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The book of my body
Being photographed naked is supposed to be a racy, sensual experience. But for one woman, it was a matter of life and death. By Kathryn Harrison
'm standing, naked, on a small, boxlike platform in a Manhattan photographer's studio. It's a late afternoon in January, rush hour, but outside his shuttered windows traffic is moving slowly, its usual clamor muffled by a heavy snowfall. Months before bikini season, my pubic triangle is beach-ready, not a hair out of place. I got it waxed three days ago, just to be sure that any redness that resulted would have faded by now. These are color shots, life-size.
"Can you turn your right knee farther out?" the photographer asks me. "I need to get all the inner thigh. Good, good-that's great. Perfect. OK, now we'll do the back."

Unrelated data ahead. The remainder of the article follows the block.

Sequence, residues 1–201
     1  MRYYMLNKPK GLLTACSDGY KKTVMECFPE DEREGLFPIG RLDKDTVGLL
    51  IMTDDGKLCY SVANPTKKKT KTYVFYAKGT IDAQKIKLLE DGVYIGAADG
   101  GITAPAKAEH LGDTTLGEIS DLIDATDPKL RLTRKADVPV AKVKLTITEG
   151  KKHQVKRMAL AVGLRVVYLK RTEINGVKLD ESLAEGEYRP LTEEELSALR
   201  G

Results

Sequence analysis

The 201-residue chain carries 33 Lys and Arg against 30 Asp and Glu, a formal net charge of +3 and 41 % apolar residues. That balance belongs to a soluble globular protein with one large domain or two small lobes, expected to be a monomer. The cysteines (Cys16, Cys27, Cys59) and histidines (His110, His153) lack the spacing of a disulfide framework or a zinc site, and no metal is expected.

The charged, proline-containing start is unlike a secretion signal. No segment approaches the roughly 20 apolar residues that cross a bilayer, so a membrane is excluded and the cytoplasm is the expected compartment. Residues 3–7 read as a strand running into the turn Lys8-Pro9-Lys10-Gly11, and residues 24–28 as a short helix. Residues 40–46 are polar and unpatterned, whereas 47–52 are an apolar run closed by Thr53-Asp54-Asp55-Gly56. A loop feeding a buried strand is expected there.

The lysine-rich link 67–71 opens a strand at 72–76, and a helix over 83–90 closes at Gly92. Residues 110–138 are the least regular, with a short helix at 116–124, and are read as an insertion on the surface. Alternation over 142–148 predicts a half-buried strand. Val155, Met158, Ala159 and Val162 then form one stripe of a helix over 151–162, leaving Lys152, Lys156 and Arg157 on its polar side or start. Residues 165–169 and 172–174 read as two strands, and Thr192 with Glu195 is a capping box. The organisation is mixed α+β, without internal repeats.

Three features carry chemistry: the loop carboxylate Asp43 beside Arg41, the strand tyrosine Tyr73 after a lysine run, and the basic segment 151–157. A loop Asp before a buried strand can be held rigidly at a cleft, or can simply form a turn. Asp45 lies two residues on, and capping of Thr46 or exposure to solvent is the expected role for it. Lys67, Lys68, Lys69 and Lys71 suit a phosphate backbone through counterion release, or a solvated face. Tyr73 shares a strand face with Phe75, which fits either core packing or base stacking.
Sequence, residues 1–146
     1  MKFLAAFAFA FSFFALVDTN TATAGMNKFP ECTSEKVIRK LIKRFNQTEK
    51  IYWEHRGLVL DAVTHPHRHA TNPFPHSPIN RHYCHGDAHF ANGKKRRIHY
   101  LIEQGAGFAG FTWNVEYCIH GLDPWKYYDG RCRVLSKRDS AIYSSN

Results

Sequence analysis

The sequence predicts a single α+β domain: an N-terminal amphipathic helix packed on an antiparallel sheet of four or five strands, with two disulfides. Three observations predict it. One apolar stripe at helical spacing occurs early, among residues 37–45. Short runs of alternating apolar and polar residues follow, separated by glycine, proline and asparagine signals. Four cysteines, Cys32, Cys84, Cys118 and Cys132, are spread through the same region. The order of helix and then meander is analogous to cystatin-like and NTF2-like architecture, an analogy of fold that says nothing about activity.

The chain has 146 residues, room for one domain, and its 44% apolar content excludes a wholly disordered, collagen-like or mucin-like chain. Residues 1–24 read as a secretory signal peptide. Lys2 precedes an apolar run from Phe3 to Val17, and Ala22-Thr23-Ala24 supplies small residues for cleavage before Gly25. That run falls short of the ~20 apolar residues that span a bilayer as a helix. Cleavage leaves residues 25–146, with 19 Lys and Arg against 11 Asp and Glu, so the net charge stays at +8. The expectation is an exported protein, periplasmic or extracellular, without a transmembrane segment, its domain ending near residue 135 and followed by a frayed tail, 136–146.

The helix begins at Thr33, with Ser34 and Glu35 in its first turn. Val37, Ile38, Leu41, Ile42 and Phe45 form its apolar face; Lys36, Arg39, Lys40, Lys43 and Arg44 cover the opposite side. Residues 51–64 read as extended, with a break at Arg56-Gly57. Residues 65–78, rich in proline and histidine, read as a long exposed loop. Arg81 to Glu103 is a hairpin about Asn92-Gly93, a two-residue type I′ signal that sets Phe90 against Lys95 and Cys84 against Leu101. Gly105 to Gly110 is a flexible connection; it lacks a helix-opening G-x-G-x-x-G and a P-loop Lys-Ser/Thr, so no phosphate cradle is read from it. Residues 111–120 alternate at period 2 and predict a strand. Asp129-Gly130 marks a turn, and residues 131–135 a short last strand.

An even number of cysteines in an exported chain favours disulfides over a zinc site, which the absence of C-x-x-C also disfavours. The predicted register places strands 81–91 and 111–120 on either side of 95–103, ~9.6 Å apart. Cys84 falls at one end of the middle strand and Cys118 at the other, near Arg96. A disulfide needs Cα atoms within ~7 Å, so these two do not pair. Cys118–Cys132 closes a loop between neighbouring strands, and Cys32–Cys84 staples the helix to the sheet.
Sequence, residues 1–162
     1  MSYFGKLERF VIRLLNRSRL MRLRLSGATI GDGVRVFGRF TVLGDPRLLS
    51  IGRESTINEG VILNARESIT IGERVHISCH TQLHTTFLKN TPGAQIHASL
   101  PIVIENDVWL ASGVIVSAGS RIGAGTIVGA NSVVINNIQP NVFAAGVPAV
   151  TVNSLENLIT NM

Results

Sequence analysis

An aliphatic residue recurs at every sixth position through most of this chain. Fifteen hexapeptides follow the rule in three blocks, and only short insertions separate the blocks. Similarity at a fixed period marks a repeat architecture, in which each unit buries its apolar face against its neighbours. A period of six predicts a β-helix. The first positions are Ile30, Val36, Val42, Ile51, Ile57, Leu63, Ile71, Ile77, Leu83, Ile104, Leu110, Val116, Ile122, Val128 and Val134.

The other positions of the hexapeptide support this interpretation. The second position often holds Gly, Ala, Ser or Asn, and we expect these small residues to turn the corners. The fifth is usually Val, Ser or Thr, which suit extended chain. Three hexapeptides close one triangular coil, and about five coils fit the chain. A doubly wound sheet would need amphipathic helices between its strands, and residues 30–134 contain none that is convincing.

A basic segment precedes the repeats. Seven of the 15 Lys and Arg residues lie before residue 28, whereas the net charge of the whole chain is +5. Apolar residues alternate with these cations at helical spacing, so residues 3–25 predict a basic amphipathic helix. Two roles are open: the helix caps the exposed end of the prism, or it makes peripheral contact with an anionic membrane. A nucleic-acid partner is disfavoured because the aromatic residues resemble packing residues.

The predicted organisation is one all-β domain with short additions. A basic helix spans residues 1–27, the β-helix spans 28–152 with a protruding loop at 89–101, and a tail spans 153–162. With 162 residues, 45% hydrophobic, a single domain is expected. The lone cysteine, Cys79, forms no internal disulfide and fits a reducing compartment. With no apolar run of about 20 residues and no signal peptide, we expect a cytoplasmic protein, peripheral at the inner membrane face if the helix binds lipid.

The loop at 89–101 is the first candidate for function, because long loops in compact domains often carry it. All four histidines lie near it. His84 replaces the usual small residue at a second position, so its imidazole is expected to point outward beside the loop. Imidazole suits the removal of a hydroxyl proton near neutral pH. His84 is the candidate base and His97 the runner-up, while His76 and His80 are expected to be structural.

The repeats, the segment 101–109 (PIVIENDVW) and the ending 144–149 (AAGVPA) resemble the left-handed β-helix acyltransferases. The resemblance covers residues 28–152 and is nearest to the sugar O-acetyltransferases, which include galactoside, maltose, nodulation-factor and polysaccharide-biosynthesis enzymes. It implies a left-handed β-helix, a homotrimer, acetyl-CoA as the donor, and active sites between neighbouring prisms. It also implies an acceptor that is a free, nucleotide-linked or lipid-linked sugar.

I turn around to face a blank white wall. The room is comfortably warm, especially where I am, under two umbrella lights.
"You really have to spread your legs wide for these. If you move your feet all the way to the edges of the-right, that's the way." I hear the wheels of the stool the photographer is perched on roll toward me over the white floor. He must be about eye level with my buttocks, a word that's always sounded aggressively muscular to me, certainly more than my own would merit. The flash keeps popping; the directions keep coming; the lens ascends.
"Wow," he says, when we're done. He thrusts his hand forward to shake mine. "You were excellent."
"Really?" I say, surprised.
"Really," chimes in the woman whose job it has been to chaperone this session.
"Chaperone" was how the photographer described her when I made an appointment with him. …